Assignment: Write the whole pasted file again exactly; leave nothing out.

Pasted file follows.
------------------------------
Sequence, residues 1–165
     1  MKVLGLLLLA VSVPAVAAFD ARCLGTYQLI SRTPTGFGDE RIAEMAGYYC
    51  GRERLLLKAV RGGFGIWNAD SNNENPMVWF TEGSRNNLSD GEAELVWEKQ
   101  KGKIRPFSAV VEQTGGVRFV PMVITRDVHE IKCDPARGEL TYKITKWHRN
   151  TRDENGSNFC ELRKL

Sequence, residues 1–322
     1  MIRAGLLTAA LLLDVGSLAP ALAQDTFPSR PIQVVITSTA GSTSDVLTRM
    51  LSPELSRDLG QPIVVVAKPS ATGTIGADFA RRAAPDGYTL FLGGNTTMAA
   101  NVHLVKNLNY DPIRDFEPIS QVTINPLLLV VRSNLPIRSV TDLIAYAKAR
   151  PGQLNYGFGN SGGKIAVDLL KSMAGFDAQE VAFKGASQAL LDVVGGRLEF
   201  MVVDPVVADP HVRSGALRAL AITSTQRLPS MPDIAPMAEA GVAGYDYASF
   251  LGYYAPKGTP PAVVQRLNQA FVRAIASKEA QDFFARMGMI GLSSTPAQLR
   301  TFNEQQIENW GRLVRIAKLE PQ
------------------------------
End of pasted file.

Sequence, residues 1–165
     1  MKVLGLLLLA VSVPAVAAFD ARCLGTYQLI SRTPTGFGDE RIAEMAGYYC
    51  GRERLLLKAV RGGFGIWNAD SNNENPMVWF TEGSRNNLSD GEAELVWEKQ
   101  KGKIRPFSAV VEQTGGVRFV PMVITRDVHE IKCDPARGEL TYKITKWHRN
   151  TRDENGSNFC ELRKL

Sequence, residues 1–322
     1  MIRAGLLTAA LLLDVGSLAP ALAQDTFPSR PIQVVITSTA GSTSDVLTRM
    51  LSPELSRDLG QPIVVVAKPS ATGTIGADFA RRAAPDGYTL FLGGNTTMAA
   101  NVHLVKNLNY DPIRDFEPIS QVTINPLLLV VRSNLPIRSV TDLIAYAKAR
   151  PGQLNYGFGN SGGKIAVDLL KSMAGFDAQE VAFKGASQAL LDVVGGRLEF
   201  MVVDPVVADP HVRSGALRAL AITSTQRLPS MPDIAPMAEA GVAGYDYASF
   251  LGYYAPKGTP PAVVQRLNQA FVRAIASKEA QDFFARMGMI GLSSTPAQLR
   301  TFNEQQIENW GRLVRIAKLE PQ